Jet Black fell.
The wind whistled around him, the cold breath of the city a cutting edge. Windows whipped by as he plummeted, his jet pack sparking and hissing, crumpled like a soup can in a lion’s mouth—the illusion completed by the series of very real bite marks perforating the metal.
He felt dizzy. No, it was worse than that. He felt empty—like a hollowed out pumpkin.
Beneath him, the crowd gathered, now looking like little more than col- ored pins stuck in corkboard—but as he tumbled end over end through the air, jet pack boosters bursting with loud ragged coughs of worthless flame, the little people got bigger and bigger.
Soon, he would crash amongst them. Into them. On them.
Thoughts escaped him like slippery snakes and what the assassin did to him—did to his mind—left him lost and confused.
But one word—a name—continued to rise up out of the fog :
He was going to crash in the middle of all those people, into all those sup- porters and dissenters of Franklin Delano Roosevelt, but worst of all, he was going to fall in front of Sally Slick. That was the heck of it.
He wanted to impress her.
The heroes of the Century Club caught wind of the assassination attempt on FDR’s life just this morning, but that’s how these things always went: life did not afford the hero easy answers or comfortable timelines. Everything was always by the scrape of the teeth, by one’s chinniest of chin hairs—most heroes not only expected it, but learned to thrive on it.
The campaign scheduled Roosevelt to speak outside the brand spanking new Empire State Building, a shining spire of metal and glass and human ingenuity that was like an extension of man’s own reach, reaching for the stars and the heavens beyond. There, Roosevelt planned to outline the tenets of his Second New Deal, bolstered as he was by a supportive Congress.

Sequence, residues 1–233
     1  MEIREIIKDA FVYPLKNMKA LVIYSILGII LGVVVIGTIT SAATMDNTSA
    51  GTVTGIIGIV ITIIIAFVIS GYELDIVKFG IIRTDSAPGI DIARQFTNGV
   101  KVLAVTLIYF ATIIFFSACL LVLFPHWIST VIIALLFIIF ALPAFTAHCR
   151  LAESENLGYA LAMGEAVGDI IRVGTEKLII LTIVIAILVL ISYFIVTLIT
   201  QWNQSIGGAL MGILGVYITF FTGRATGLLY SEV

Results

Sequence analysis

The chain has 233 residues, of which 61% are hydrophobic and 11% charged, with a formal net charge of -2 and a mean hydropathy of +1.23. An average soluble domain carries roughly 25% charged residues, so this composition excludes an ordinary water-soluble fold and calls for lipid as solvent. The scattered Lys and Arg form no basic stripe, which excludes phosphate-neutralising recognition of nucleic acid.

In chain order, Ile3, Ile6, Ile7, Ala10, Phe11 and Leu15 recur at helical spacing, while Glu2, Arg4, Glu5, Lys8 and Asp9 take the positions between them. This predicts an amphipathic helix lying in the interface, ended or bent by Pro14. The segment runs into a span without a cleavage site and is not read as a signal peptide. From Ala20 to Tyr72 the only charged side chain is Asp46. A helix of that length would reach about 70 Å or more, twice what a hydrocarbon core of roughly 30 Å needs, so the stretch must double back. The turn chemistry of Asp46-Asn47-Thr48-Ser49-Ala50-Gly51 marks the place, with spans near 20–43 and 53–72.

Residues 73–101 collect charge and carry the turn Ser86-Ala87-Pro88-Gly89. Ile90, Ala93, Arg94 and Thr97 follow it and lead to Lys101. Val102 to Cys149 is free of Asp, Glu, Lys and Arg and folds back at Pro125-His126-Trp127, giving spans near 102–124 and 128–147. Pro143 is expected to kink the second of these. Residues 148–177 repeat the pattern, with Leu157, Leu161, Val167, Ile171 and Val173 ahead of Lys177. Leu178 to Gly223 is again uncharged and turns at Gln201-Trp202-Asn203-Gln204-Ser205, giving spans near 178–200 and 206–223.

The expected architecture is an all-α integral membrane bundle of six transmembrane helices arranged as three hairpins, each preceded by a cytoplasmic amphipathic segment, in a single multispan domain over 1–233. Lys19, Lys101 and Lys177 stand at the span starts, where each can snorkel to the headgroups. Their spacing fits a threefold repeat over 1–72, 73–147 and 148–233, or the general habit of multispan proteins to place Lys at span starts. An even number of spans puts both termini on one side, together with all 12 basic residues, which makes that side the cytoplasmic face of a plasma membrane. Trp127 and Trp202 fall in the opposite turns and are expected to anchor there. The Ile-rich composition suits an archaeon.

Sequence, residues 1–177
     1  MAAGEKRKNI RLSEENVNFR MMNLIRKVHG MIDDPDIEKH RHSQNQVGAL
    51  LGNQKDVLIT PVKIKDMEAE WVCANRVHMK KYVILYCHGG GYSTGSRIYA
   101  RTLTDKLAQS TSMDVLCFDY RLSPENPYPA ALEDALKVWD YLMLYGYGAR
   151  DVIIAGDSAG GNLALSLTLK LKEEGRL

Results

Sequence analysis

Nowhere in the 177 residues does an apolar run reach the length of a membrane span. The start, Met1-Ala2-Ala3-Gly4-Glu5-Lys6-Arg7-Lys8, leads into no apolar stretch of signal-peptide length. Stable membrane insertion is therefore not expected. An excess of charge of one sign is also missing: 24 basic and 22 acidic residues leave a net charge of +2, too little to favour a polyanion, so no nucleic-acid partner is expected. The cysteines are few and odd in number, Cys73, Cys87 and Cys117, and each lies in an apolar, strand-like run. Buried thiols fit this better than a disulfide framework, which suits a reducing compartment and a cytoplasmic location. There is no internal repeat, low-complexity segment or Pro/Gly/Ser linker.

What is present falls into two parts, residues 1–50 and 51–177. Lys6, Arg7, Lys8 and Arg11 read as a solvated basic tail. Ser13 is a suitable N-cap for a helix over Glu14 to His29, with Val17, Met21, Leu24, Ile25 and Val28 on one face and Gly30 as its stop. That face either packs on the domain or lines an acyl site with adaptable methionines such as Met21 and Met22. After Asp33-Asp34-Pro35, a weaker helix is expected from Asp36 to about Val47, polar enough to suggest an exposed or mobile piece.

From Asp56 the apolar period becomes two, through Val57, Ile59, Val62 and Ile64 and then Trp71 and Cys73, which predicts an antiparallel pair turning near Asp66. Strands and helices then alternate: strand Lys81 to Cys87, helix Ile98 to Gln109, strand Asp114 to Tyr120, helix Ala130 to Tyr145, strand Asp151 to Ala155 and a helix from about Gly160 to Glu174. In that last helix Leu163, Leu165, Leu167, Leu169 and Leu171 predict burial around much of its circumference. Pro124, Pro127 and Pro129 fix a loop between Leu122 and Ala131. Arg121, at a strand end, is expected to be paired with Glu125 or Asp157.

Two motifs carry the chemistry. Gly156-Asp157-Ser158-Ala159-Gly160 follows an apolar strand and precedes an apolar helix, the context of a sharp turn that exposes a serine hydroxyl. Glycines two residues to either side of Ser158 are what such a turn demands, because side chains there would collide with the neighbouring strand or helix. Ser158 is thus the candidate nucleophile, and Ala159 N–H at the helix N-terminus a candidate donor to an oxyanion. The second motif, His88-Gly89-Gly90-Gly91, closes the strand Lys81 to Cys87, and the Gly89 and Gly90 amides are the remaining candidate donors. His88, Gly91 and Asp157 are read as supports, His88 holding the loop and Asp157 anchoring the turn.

The message came in scrawled on a ratty slip of fabric—
The President is going to die.
They mobilized fast. Jet, Sally Slick, Mack Silver, and the Grey Ghost—
more than enough of a team to take down any cold-blooded assassin.
Little time remained, affording them no chance to scope out the place beforehand. The President had already arrived, had already wheeled himself onto the dais flanked as he was by Eleanor and all his supporters in their dark suits and broad-brimmed hats, shuffling papers in his lap as he was wont to do.
Sally said she’d stick to the stage. Mack would canvass the crowd. Ghost planned to check the tunnels beneath.
Jet’s job? To go up. Observation deck of the Empire State. Mack said it would afford him a powerful vantage point over the crowd—somehow, Mack appointed himself de facto leader of their little squad, even though Jet had been there longer and Mack was always in and out, sometimes disappearing in his plane for months.
To Jet, it felt like—well, it felt like dismissal. Up top, he wasn’t going to be able to see squat. Just people like ants and cars like little bricks and once again he’d be out of the action and set aside like a child, a child who might acci- dentally knock over somebody’s coffee cup or spill a saucer of milk. Great. Wonderful.
But hey, he was a team player. He did what he had to do.